Development of pharmacological chaperone therapy for inherited primary and juvenile open angle glaucoma
The researchers' aim is to develop a new therapy for inherited glaucoma, which in many cases is caused by mutations in a protein called myocilin.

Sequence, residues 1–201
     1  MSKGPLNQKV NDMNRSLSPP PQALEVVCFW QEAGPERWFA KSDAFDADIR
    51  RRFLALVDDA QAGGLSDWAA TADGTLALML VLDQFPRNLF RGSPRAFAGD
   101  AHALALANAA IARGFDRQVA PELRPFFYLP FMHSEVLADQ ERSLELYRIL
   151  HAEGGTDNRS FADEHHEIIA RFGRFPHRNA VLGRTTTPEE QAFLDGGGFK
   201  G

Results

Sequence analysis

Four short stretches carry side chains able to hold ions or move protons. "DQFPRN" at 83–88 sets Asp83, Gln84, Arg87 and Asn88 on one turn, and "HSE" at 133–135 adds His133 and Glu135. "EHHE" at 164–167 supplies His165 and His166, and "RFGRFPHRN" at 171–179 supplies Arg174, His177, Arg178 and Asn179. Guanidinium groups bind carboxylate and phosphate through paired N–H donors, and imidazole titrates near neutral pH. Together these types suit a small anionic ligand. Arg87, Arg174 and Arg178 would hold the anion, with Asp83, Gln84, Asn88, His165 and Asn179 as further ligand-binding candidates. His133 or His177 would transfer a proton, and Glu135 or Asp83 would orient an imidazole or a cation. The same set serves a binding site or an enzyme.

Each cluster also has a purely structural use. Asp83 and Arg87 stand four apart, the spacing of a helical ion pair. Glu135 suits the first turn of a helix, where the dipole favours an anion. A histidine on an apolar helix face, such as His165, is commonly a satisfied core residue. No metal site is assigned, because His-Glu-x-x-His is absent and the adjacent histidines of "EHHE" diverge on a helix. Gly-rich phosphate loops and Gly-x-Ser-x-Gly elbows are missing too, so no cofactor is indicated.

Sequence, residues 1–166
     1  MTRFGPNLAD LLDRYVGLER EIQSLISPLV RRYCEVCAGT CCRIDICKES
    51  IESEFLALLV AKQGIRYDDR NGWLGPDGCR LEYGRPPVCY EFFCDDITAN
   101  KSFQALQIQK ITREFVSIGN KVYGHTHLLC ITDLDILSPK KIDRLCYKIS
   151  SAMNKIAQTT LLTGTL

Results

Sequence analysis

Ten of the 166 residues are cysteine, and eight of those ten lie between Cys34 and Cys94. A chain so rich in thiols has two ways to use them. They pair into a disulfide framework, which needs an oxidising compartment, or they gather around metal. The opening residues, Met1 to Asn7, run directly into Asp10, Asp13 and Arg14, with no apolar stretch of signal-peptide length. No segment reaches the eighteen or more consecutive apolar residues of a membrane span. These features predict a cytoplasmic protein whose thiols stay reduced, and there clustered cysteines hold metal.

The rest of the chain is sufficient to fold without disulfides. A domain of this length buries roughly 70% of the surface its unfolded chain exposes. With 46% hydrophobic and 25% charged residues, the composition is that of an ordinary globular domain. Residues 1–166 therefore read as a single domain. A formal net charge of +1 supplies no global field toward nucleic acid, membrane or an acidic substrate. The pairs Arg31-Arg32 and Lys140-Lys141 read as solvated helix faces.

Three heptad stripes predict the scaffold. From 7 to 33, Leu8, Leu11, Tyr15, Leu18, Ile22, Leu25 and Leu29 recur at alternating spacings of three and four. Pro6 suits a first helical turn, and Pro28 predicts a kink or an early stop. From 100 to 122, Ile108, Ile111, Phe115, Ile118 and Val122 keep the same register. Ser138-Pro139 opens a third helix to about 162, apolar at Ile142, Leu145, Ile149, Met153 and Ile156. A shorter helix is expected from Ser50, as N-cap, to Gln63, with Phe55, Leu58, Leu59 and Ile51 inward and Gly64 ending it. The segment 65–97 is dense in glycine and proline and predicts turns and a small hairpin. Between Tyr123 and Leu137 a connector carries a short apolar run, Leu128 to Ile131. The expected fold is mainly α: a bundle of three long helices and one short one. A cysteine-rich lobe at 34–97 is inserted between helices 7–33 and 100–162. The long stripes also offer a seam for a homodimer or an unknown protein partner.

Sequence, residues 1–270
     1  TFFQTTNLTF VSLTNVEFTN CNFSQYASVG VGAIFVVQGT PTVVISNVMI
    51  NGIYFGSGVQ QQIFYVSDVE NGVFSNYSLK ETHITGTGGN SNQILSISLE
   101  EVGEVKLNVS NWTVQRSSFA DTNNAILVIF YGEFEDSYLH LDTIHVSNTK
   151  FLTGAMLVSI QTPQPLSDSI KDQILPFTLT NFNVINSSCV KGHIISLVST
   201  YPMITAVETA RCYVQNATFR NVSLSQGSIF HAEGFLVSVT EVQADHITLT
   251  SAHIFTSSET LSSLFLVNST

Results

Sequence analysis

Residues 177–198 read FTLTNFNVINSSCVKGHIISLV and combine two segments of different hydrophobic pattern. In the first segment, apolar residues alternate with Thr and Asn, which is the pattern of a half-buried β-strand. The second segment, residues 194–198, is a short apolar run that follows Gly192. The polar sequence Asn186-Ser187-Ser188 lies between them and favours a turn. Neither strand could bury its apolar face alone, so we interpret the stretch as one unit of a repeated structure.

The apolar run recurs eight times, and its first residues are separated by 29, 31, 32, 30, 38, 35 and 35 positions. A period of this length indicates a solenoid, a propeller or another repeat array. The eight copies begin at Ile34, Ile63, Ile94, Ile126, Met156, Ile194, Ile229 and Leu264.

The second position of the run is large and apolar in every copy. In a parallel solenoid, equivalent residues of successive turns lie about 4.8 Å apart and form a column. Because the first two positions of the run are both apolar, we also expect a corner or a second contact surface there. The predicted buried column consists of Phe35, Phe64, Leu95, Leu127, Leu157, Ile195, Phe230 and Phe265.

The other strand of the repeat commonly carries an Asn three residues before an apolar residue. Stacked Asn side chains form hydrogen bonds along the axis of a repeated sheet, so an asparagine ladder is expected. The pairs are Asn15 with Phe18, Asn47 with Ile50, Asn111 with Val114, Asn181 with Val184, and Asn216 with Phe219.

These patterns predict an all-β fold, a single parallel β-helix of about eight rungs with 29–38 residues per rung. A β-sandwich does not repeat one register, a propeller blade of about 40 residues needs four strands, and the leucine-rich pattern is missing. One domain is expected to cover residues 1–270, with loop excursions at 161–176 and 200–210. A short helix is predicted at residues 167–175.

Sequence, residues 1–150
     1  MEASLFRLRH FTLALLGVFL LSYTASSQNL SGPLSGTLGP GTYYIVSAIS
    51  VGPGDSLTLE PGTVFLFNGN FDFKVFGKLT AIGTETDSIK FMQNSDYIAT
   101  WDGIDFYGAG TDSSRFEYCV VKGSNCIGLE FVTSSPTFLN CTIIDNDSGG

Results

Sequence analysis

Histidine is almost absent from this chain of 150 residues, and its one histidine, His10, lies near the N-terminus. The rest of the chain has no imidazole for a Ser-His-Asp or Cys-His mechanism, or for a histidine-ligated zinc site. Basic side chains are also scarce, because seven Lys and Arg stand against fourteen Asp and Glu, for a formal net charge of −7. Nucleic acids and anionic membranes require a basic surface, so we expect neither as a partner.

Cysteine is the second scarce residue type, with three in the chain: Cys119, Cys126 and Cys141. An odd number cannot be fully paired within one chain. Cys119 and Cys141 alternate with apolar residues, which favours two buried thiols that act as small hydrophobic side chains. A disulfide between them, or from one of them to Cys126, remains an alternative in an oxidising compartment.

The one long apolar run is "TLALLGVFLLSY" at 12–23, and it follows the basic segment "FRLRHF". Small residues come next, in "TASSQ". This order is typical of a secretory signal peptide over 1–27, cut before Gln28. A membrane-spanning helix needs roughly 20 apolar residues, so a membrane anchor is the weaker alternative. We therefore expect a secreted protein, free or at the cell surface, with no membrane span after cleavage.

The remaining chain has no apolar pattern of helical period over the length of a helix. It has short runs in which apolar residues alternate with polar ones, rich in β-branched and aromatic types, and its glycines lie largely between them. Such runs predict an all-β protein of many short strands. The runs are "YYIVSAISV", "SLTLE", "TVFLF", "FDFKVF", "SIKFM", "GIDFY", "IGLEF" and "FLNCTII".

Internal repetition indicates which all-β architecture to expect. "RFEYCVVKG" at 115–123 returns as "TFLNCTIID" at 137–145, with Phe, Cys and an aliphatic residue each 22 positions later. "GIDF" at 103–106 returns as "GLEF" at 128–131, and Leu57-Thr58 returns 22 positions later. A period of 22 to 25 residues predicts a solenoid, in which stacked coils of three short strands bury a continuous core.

The researchers' aim is to develop a new therapy for inherited glaucoma, which in many cases is caused by mutations in a protein called myocilin. Myocilin forms part of the trabecular extracellular matrix (TEM) in the eye and is important in regulating eye pressure. When the TEM doesn't function correctly, eye pressure increases, leading to retinal degeneration and vision loss. Human trabecular meshwork (HTM) cells, which produce the matrix, recognize mutations in myocilin and prevent mutant myocilin from being secreted to the TEM. Instead, mutant myocilin remains in the interior of HTM cells, causing the HTM cells to die. This disrupts the TEM, causing increased eye pressure and eventually glaucoma. The team hopes to discover a drug molecule that interacts with mutant myocilin inside the HTM cells to restore secretion of myocilin to the TEM. This could prevent the mutant protein from accumulating in the HTM cells and keep these cells alive. In addition, the TEM could be restored and better able to control eye pressure. This should slow the retinal degeneration associated with glaucoma. The researchers seek to better understand the molecular structure of myocilin, and then to identify and test drug candidates that bind to the myocilin.